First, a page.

We used a soil water simulation model and remotely sensed data to study the long-term dynamics of transpiration, evaporation, drainage and net primary production across a precipitation gradient in Northwestern Patagonia (Argentina). The proportion of precipitation transpired, the precipitation use efficiency and the transpiration use efficiency were constant across the gradient that covered a range of 150 to 600 mm. The proportion of water evaporated was higher than the proportion drained at the driest extreme of the gradient. The opposite relationship was observed at the wet extreme. Two important characteristics of arid-semiarid systems dominated by winter precipitation emerged from our analyses: the importance of drainage losses and the asynchrony between evaporation and transpiration fluxes. These characteristics of the water dynamics influence the relative abundance of plant functional types and are crucial to generate heterogeneity at the landscape level. The coefficient of variation (CV) of transpiration, evaporation and ANPP was, in general, lower than the CV of annual precipitation. This pattern suggests a buffering capacity of the ecosystem. The ecosystem would be able to damp at the functional level inter-annual changes in the availability of resources.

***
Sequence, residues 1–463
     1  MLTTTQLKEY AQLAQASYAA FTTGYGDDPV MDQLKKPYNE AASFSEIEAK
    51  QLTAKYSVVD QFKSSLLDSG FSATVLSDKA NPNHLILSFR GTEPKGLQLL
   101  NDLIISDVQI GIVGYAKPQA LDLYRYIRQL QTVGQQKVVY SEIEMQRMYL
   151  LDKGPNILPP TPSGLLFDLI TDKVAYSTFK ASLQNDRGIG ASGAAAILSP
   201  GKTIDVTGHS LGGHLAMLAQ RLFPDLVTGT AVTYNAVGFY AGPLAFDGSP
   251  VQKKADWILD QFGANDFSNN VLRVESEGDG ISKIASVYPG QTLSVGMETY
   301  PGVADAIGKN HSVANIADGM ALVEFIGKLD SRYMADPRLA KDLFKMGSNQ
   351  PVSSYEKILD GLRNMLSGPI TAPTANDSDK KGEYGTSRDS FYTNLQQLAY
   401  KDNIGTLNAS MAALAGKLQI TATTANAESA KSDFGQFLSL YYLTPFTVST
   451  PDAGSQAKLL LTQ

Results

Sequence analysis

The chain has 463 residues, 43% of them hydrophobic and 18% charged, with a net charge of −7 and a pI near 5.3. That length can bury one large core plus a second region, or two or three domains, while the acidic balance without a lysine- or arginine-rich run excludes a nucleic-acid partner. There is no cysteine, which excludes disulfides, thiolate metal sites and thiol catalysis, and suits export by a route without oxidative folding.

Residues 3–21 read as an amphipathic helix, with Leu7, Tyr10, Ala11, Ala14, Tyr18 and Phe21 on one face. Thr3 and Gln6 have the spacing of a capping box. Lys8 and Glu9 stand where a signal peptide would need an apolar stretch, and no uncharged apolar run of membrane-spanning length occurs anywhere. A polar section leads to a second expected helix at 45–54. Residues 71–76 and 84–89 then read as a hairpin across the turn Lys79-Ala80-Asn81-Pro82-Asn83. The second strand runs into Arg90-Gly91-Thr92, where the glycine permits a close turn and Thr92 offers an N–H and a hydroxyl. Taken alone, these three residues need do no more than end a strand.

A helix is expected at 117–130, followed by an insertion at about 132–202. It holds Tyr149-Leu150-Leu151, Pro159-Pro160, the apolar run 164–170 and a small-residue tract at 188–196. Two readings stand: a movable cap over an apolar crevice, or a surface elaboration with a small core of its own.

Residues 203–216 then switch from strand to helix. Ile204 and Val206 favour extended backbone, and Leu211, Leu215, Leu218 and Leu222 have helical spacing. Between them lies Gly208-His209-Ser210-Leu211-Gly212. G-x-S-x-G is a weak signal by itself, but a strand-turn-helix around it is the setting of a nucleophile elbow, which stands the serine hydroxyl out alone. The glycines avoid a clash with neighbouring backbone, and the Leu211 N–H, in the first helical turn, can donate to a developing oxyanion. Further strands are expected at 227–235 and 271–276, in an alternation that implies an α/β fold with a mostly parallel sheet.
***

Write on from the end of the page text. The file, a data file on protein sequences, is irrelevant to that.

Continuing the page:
- Normalized difference vegetation index
- Primary production
- Simulation models
ASJC Scopus subject areas
- Plant Science